March 19th, 2014 | by DEBORAH KENNEDY Arts & Books | Posted In: Comedy

Q&A: Maz Jobrani

The Iranian-born comedian and co-founder of the Axis of Evil Comedy Tour talks about ethnic stereotypes, metal detectors and why he won't play a terrorist.

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Maz Jobrani is perhaps best known as a founding member of the Axis of Evil Comedy Tour. Born in Iran, his family moved to California when Jobrani was six. He got his standup start at the Comedy Store and has since become known for his bridge-building style of comedy that mines misconceptions about the Middle East. He’s appeared on The Tonight Show with Jay Leno, The Late Late Show With Craig Ferguson and Lopez Tonight, and he’s currently got two films in the works: Shirin in Love, which he describes as “the Persian My Big Fat Greek Wedding,” and Jimmy Vestvood: Amerikan Hero, a.k.a. The Persian Pink Panther.” He'll be coming to Portland Sunday, March 23 as part of his My Lion is Moist tour. WW caught up with Jobrani while he was driving around L.A., where he lives with his wife and two children.

WW: Much of your act is concerned with educating people about Middle Eastern culture. What do you think are some of the most common misconceptions about Middle Easterners, and why do such misconceptions exist?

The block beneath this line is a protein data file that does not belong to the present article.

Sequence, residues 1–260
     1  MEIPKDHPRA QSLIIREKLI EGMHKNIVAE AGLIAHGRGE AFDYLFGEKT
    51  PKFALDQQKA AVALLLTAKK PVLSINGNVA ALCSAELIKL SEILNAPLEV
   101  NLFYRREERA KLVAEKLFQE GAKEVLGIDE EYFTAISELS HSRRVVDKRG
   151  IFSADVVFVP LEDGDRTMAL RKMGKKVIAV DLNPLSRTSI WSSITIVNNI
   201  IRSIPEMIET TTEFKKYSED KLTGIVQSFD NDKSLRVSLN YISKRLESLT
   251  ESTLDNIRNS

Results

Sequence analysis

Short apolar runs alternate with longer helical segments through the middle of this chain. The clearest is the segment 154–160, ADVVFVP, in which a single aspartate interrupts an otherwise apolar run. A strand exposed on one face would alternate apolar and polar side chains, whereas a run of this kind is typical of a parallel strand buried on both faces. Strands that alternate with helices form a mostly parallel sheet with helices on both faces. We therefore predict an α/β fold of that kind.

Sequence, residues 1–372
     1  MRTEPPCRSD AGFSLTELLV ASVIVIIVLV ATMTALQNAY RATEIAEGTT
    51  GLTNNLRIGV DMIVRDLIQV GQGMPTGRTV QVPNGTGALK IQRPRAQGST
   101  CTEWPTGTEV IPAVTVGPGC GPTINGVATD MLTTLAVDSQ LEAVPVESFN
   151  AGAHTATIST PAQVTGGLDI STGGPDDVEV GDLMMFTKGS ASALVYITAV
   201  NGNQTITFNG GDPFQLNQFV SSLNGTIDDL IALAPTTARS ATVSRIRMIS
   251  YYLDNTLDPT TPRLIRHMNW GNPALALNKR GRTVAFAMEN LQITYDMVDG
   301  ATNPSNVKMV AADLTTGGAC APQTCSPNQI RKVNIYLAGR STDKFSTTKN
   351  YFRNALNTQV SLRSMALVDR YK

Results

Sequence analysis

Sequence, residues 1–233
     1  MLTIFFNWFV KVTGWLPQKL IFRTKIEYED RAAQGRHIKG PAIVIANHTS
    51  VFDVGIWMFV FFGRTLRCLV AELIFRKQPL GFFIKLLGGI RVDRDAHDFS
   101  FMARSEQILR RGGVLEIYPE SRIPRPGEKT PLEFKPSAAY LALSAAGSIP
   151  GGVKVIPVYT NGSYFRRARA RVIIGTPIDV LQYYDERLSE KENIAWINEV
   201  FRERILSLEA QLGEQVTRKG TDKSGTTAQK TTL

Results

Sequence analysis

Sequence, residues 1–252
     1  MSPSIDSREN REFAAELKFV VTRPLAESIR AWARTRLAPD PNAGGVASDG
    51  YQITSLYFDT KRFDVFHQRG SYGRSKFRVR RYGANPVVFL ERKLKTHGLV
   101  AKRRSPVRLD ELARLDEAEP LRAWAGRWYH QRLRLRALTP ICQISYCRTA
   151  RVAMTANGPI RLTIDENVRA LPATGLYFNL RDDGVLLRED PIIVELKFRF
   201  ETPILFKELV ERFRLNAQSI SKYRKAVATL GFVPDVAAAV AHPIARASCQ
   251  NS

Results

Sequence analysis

Maz Jobrani: It's like any ethnic group, really. A lot of the stereotypes come from film and television, and nine times out of ten if you see a Middle Easterner in a show they're about to take someone hostage. That's just the general go-to and something I like to make fun of and joke about. I don't know any terrorists. I've never met one. I haven't gotten a call from someone saying, “Hello. It all goes down at midnight. We will blow this place up. Okay? Okay.” Say you're in the Dubai airport—it's an international airport, a very diverse place, so you see people walking around in different ethnic clothing—and you just got done watching hours and hours of Fox News. You'd probably pee your pants and think you were going to be kidnapped just because you saw a guy in a Middle Eastern robe. But that's just how they dress. A robe and a beard doesn't mean the guy's a terrorist.

You've acted in several television shows and films yourself. Have you ever played a stereotypical Middle Eastern character?

First of all, every Middle Eastern actor has probably at some point had the opportunity to play or audition for the role of terrorist. Early in my career I had a couple of parts like that but I didn't like it. I told my agent, no more terrorist parts. I do continue to play other stereotypical roles—the cab driver, the donut shop owner, the stereo store owner, but honestly I don't mind those as much. I know those people. I know Middle Eastern cab drivers. I've talked to Middle Eastern donut shop owners. I've been helped by Middle Eastern dudes at the stereo shop. That's the difference to me. I don't know any terrorists.

Your routines obviously contain a lot of ethnic jokes, including a the bit about your wife who is Indian: “not a casino Indian, a computer Indian.” Do you think it's possible to take ethnic-based comedy too far?